Viewing posts tagged m r james

6

"I have in my hand a piece of paper," says Mr Stevens, CEO of Global Chemicals, echoing Chamberlain in unconscious admission that his promises of a profitable truce in the class war will turn out to be worthless, "which will mean a great deal to all of you. Wealth in our time!"

The ex-miners, crowded around the gates of the closed pit, are unimpressed.

"When the National Coal Board were forced to close the pit last year..." Stevens begins.

"It were a shame, that was!" heckles one of the workers, in Ignorant Yokel Speak.

"No, my friends," says Stevens chummily, presenting himself as one of them, "we must not be bitter. We must face the facts."

Note the 'we'; the most abused word in political discourse.  As in 'we're all in this together'.

"Coal is a dying industry," asserts Stevens.

The miners shout "Rubbish! Rubbish!"

When it happens in reality, the idea that the mines had to shut because they were unprofitable will be rubbish.  Mining was always subsidised.  

"Oil is our future now and the government agrees with me. They have not only given us the go-ahead for our plans, they have promised us money ...

Skulltopus 12: Come Out onto the Balcony and Wave a Tentacle

Okay, first a quick (well... relatively quick) recap and a few clarifications... because we've come a long way. And then onto some hot Zygon action.


The Story So Far...

If only 'Pirates of the Caribbean II' had looked this good.
According to China Miéville, the tentacular monster was introduced to Western SF/Horror literature in the late 19th and early 20th centuries by the loose style/affect/trend known as 'the Weird'.  Lovecraft, Hodgson, Machen, etc.  They used various new forms of the monstrous, especially tentacles, as a 'novum', unfreighted with previously accreted meanings and associations, which could express something of the unprecedented, inexplicable, inexpressible catastrophic horror that was engulfing modernity with the onrush of world war, mechanised imperialism and endemic economic crisis.  (There were a couple of important pre-eruptions of the tentacular and Weirdish courtesy of SF pioneer H.G. Wells and 'ghost story' writer M.R. James.)  Mieville says that the Weird represents a way of trying to express anxieties that is alternate and incompatible with the gothic.  The gothic - or hauntological - is an expression of something we already know which has been hidden (or repressed) and which haunts us, threatening to return.  The Weird is what we ...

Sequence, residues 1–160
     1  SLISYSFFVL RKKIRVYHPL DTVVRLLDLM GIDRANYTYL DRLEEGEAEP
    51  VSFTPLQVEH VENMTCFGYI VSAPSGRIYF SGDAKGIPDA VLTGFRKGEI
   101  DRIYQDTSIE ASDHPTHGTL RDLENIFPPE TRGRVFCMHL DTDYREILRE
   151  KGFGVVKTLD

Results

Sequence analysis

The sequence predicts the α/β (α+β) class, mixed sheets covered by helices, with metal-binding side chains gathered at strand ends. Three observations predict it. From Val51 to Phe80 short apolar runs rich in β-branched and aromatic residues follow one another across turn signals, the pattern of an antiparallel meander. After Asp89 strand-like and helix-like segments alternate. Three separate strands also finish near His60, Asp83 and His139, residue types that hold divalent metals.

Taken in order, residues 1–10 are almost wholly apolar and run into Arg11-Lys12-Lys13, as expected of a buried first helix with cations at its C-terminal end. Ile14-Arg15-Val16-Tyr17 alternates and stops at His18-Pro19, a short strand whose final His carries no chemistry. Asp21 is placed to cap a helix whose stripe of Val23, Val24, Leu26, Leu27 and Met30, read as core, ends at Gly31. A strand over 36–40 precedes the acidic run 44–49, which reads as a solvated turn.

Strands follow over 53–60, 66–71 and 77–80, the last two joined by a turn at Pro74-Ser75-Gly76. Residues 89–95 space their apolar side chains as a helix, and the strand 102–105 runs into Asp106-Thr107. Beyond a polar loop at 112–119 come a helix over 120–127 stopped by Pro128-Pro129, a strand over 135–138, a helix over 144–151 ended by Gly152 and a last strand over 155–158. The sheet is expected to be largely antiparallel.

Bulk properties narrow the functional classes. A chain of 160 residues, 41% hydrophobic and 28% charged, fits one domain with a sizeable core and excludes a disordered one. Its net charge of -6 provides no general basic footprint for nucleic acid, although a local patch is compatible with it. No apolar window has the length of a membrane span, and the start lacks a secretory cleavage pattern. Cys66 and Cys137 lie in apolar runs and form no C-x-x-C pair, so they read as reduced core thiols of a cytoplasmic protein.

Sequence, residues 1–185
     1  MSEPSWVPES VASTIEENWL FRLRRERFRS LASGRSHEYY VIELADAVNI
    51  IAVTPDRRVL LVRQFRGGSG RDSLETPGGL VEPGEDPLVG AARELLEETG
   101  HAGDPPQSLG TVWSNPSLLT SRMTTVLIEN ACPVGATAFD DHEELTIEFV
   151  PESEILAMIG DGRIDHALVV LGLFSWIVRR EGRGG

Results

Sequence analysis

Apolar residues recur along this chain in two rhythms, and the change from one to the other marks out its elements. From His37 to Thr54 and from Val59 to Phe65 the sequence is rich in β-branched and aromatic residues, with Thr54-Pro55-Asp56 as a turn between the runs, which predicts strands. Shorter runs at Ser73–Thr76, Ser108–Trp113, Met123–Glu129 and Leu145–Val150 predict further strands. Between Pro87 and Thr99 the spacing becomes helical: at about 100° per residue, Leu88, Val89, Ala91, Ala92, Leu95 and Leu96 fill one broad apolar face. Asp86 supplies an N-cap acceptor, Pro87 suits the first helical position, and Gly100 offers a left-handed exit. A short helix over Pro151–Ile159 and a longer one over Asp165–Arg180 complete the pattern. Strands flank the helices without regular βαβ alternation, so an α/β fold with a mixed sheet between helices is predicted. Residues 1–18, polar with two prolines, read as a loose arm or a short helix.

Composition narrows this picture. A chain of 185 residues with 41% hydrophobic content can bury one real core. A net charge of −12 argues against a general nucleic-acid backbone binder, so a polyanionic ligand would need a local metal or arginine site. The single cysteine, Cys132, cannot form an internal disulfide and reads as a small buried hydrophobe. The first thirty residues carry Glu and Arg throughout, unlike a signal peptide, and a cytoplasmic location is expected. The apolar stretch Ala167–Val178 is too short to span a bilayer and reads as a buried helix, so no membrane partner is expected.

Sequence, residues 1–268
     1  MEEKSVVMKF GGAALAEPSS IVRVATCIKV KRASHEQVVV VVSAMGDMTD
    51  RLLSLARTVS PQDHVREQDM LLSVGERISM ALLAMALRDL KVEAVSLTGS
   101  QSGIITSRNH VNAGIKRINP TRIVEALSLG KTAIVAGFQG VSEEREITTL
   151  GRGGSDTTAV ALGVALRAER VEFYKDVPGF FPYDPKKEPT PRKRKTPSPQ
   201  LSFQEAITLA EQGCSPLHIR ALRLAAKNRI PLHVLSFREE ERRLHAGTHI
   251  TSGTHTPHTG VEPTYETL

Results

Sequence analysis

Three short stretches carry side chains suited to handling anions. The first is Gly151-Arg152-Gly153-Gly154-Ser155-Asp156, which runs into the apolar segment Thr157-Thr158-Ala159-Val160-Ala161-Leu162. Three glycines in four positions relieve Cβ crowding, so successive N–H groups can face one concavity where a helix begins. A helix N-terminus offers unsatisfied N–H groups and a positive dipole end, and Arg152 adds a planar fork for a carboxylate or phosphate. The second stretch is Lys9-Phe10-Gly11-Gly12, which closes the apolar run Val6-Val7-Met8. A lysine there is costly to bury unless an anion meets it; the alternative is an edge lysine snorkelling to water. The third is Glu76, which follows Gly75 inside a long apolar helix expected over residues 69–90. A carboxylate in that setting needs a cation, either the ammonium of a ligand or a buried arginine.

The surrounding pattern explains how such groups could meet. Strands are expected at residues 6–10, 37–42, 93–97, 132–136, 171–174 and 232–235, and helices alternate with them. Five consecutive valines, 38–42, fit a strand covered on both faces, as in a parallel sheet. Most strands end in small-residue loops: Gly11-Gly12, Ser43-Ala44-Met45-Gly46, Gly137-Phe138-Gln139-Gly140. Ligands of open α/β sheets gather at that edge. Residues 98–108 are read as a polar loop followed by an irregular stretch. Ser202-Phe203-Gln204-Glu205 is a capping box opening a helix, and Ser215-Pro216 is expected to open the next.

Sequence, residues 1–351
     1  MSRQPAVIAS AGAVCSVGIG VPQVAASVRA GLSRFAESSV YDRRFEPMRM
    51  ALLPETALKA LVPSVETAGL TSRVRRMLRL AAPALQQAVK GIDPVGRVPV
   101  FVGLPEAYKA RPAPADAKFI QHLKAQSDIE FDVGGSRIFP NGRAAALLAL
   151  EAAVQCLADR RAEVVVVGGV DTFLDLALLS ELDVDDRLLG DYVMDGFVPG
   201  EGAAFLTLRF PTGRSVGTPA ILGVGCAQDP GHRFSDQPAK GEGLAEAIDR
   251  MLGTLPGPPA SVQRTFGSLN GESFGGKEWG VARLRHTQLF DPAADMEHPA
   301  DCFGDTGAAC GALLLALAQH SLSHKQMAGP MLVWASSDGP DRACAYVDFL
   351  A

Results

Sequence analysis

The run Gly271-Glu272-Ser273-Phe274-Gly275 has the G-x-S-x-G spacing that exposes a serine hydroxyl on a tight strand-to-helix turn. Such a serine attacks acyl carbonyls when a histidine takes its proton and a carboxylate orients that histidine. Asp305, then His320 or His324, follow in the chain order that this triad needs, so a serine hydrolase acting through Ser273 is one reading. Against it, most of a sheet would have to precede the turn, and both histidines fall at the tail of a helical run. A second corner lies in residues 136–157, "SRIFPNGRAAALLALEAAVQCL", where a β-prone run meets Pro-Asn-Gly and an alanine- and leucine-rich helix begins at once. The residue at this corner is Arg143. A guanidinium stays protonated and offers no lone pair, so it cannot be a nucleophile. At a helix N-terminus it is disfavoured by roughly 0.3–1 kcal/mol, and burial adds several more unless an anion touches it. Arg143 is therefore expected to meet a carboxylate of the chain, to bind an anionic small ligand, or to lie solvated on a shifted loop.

Skulltopus 10: How Green Was My Death?

'The Green Death' is a ghost story.  Doctor Who itself may actually be best described, from one standpoint, as an anthology of ghost stories.


Okay, let's go back a bit.

Firstly, let me defend my notion about 70s Doctor Who sprouting Weird tentacles when it notices (and thus needs to evade and/or signify) capitalism.  'The Green Death' is clearly aware of capitalism and, sure enough, shows signs of Weird inflection.  (I'm aware, by the way, that I keep talking about the show as though its alive... a form of commodity fetishism that I'll address some day.)

Apart from anything else, there's a dirty great tentacle in 'The Green Death'.  It's only in it for a few seconds, during the Doctor's abortive trip to Metebelis III, but still...




As in 'Curse of Peladon', this is the tentacular riding in on past associations... however, it can't be said to work quite the same way as previous tentacles in the Pertwee era.  This tentacle is clearly not obscuring any potential thematic convergence upon the subject of capitalism, as in 'Spearhead from Space' and 'Claws of Axos'.  Nor is it standing in for implied ...

Skulltopus

In his fascinating essay 'M.R. James and the Quantum Vampire' (the link is to a PDF), the author and theorist China Miéville wrote:

The spread of the tentacle – a limb-type with no Gothic or traditional precedents (in ‘Western’ aesthetics) – from a situation of near total absence in Euro-American teratoculture up to the nineteenth century, to one of being the default monstrous appendage of today, signals the epochal shift to a Weird culture.


Miéville charts the way that the cephalopodic suddenly erupts into late 19th-early 20th century "teratology" (monsterology), with conflicted foreshadowings and pre-disavowals (Verne, for example, and Victor Hugo) leading up to a story called 'The Sea Raiders' by H. G. Wells, in which previously unknown squidular monsters suddenly surface and go on an inexplicable rampage off the British coast, and on to the "haute Weird" of William Hope Hodgson and, especially, H. P. Lovecraft.

In this Weird tentacular, Miéville sees much significance.  His argument, as I've gathered from the essay mentioned above (and from listening to various talks he's given), is that the squidular, tentacular and cephalopodic, but especially the octopoidal, arises as a teratological metaphor to supply a need felt by those writers travelling ...

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